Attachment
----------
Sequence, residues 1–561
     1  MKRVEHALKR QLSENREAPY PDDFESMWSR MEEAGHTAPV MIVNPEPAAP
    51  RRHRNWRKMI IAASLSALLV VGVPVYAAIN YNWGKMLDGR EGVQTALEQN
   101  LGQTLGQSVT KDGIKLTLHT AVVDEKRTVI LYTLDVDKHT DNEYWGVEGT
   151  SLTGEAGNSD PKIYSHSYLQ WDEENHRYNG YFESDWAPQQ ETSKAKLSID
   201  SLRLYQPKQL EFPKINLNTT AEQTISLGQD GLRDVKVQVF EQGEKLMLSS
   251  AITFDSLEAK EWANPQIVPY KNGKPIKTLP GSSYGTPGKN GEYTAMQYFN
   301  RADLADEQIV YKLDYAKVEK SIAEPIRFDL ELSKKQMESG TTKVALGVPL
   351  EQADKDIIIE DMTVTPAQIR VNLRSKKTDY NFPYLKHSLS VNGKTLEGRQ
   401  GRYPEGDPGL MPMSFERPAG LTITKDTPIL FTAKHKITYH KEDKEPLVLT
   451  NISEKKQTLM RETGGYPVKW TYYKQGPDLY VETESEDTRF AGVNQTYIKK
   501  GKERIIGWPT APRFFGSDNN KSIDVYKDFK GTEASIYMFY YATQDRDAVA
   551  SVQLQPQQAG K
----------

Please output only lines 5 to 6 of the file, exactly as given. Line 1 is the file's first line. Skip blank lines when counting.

   151  SLTGEAGNSD PKIYSHSYLQ WDEENHRYNG YFESDWAPQQ ETSKAKLSID
   201  SLRLYQPKQL EFPKINLNTT AEQTISLGQD GLRDVKVQVF EQGEKLMLSS